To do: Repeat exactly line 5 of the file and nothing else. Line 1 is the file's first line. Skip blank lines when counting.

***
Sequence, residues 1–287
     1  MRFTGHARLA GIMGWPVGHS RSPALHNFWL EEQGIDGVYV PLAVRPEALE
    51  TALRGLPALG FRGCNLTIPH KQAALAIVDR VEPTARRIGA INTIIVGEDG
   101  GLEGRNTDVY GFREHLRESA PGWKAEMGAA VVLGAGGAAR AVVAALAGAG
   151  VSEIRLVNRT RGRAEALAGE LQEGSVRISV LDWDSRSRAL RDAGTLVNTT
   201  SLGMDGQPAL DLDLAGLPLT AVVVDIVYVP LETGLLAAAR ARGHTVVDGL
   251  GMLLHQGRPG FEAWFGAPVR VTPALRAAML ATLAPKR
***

   151  VSEIRLVNRT RGRAEALAGE LQEGSVRISV LDWDSRSRAL RDAGTLVNTT